10. Remove chicken from oven, check to see that no pink remains in the middle. Plate chicken breast, adding a small serving of the tomato sauce on top. Finish by drizzling with a small amount of the balsamic reduction, and top with freshly grated parmesan, if desired.

Enjoy! I promise it’s not as difficult/involved to make as the long ingredients list makes it seem! If you try it, let me know what you think in the comments :)

Posted by: godandchocolate | March 1, 2010

Menu Plan Monday – 3.1.10

Everyone, it seems, suggests menu planning each week. It prevents wasting groceries, wasting time, ordering pizza, and that dreaded question that hits along with the hunger pangs at 4-5pm: “What’s for dinner?”

I’ve done different kinds of menu planning, and since it’s just the two of us and I like to be flexible, I typically have just made a list of dinners I feel like making that week, posted it on the fridge, and then shopped according to the list. This week I decided to do a little bit more extensive planning as I made my grocery list, so that I’d know exactly what I need. I like having fun new recipes to try on the agenda–AND the assurance that I have everything I’ll need to make them.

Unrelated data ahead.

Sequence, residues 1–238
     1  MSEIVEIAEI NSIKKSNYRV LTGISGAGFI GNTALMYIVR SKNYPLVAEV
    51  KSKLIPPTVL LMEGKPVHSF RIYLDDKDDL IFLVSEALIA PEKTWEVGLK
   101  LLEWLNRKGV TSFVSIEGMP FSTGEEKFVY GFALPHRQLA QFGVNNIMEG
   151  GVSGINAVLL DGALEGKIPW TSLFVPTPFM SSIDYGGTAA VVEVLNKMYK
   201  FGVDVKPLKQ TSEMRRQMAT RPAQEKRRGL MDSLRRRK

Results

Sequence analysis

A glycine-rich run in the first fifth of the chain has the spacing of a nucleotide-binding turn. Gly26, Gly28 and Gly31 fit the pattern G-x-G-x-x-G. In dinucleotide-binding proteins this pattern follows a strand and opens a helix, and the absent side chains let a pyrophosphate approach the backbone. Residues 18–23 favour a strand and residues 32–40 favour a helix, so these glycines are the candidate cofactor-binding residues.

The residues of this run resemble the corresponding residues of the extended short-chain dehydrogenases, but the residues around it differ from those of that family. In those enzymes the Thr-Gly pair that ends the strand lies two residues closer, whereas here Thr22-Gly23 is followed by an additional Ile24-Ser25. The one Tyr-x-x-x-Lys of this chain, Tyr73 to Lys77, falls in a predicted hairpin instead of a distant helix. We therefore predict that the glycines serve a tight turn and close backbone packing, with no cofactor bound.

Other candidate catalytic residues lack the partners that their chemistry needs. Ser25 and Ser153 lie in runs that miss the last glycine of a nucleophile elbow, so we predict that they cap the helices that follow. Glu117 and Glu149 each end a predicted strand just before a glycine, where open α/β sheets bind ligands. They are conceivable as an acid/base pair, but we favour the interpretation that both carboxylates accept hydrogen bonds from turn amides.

I’ve started shopping at two places for our food: the farmer’s market nearby (for milk/cream, eggs, fruits and veggies, cheese, and some other odds and ends that we can get locally grown, like brown rice; occasionally we’ll get meat there, but it’s just too pricey for us to use regularly) and the supermarket (I choose one of the three we have in our area based on which has the best sales on meat or other big-ticket ingredients). I’ll include recipes based on the best value items I am able to get. This week, pork tenderloin was on sale for a good price, and since two tenderloins come in one package, we’ll have it for two meals.

Basically I’ve broken it down so that I know exactly what I’m making for dinner each day, and have several options for breakfasts and lunches. I pack my husband’s lunch a few times a week, and usually only eat one other meal besides dinner myself each day, so what I have listed here is plenty for us.  And of course I have a short list of items I plan to bake–my stand mixer makes baking WAY too easy! Some days we might swap meals, just in case we’re feeling like something different. We’ll see how this goes.